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The very best coronavirus resources

Wow. What a week. On the surface, not much should have changed for me. Generally speaking, I work from home. (Or, more precisely, I’m perfectly capable of doing all of my work from home.) As a writer for the web, it’s not like I have to go into an office.

Still, I haven’t been able to get much done for the past ten days. Current events are just too distracting. I can’t focus on the things I’m supposed to do. Crazy.

In an effort to get some of this out of my system, today at Apex we’re going to share a few of the very best resources we’ve found for our current coronavirus economy. Then — maybe — we can get back to regular personal-finance stories for the rest of the week.

Coronavirus statistics and research. [Our World in Data] — “The mission of Our World in Data is to make data and research on the world’s largest problems understandable and accessible. While most of our work focuses on large problems that humanity has faced for a long time – such as child mortality, natural disasters, poverty and almost 100 other problems – this article focuses on a new, emerging global problem: the ongoing outbreak of the coronavirus disease [COVID-19].” This enormous page of information includes tips, but its best feature is all of the charts graphs and up-to-date statistics.

Coronavirus pandemic page at the World Health Organization. [World Health Organization] — There’s a metric shit-ton of misinformation on COVID-19 floating around. Some of this misinformation is obvious — those conspiracy theories your cousin posts on Facebook — but some of the bad advice actually sounds plausible. Will warm weather kill the disease? Are you safe if you can hold your breath for ten seconds? The WHO is an excellent, reliable source for the facts. (Check out their mythbusters page!)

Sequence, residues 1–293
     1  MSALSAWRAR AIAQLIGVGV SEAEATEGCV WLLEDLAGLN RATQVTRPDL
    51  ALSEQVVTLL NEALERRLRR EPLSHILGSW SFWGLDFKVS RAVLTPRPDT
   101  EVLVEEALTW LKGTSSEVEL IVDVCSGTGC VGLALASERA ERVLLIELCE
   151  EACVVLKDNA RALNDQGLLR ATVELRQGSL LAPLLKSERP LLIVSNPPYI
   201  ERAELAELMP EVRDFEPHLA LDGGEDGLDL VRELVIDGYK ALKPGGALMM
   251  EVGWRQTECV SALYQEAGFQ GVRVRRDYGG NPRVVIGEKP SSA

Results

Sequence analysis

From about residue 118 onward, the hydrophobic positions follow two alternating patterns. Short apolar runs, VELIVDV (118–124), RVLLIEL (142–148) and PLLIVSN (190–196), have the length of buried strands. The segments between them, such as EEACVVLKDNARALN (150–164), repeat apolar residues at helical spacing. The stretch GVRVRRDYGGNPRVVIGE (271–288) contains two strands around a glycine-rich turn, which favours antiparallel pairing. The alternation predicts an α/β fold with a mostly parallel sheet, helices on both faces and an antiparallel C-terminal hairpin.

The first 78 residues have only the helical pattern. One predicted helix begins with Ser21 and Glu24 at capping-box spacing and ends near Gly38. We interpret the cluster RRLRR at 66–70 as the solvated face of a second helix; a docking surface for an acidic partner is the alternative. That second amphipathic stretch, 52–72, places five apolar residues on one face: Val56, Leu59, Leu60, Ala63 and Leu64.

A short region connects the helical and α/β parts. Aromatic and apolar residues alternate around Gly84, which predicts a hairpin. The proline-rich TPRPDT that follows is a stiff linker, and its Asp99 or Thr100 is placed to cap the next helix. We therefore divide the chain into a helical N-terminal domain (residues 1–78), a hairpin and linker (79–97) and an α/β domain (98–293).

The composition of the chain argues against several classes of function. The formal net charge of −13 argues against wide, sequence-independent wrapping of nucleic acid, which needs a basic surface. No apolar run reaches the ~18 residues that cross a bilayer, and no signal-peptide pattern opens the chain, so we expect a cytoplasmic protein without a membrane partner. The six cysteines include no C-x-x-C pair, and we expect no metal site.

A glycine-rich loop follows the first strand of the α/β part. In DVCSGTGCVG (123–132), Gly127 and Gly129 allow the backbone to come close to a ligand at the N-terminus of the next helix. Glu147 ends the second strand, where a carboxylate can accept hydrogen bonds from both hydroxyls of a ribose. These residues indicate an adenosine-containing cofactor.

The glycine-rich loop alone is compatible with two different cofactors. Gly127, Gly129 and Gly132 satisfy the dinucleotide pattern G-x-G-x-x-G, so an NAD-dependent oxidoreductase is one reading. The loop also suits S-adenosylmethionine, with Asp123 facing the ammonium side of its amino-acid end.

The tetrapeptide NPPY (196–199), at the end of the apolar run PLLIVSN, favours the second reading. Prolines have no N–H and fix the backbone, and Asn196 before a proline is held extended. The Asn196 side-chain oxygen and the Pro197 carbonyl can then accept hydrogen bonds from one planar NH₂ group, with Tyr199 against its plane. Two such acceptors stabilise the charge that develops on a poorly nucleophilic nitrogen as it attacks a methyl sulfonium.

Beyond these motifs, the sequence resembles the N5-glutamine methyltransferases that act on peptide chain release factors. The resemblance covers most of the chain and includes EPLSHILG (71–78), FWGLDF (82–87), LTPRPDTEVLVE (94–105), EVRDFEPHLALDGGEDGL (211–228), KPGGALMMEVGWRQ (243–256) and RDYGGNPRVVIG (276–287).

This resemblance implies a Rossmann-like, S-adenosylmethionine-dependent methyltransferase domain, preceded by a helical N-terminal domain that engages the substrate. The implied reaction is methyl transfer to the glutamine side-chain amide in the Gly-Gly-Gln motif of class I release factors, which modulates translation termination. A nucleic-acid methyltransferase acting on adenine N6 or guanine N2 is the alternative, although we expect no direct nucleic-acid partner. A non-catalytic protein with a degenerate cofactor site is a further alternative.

Similar to the World Health Organization page, there’s a coronavirus hub from the U.S. Centers for Disease Control. Plus, Consumer Reports has set up their own guide to the coronavirus.

If you’re a nerd with too much time on her hands, you might want to spend a few minutes playing with this epidemic calculator. You can change variables — death rate, recovery times, communicability — to see how different factors affect the spread and severity of a pandemic.

Finally, our pal Erin Lowry from Broke Millennial has spear-headed and effort to collate as much personal-finance info as possible related to this crisis. She’s collected it all into a handy Google spreadsheet. You might want to bookmark it. (Yes, I know Jim shared this same link on Friday. But it’s so useful and important that we’re sharing it again today.)

We’ll close things out today with our usual bonus video. This one isn’t much fun though. It’s an animated look at what the coronavirus does to your body — and what you can do to prevent its spread.

That’s it for a rather melancholy Monday. We’ll be back tomorrow with more of the best money stories from around the web.